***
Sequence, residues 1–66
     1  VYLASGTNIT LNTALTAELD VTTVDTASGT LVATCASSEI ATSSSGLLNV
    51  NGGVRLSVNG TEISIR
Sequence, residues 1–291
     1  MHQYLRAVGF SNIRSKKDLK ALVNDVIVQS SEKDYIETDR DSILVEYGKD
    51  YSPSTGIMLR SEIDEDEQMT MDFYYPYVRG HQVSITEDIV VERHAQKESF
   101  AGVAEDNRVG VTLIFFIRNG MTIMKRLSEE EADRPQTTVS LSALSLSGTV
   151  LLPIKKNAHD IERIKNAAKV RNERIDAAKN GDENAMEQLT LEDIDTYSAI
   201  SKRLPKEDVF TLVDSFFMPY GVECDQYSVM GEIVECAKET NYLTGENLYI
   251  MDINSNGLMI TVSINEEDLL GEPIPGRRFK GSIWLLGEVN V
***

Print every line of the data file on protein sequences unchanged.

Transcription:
Sequence, residues 1–66
     1  VYLASGTNIT LNTALTAELD VTTVDTASGT LVATCASSEI ATSSSGLLNV
    51  NGGVRLSVNG TEISIR
Sequence, residues 1–291
     1  MHQYLRAVGF SNIRSKKDLK ALVNDVIVQS SEKDYIETDR DSILVEYGKD
    51  YSPSTGIMLR SEIDEDEQMT MDFYYPYVRG HQVSITEDIV VERHAQKESF
   101  AGVAEDNRVG VTLIFFIRNG MTIMKRLSEE EADRPQTTVS LSALSLSGTV
   151  LLPIKKNAHD IERIKNAAKV RNERIDAAKN GDENAMEQLT LEDIDTYSAI
   201  SKRLPKEDVF TLVDSFFMPY GVECDQYSVM GEIVECAKET NYLTGENLYI
   251  MDINSNGLMI TVSINEEDLL GEPIPGRRFK GSIWLLGEVN V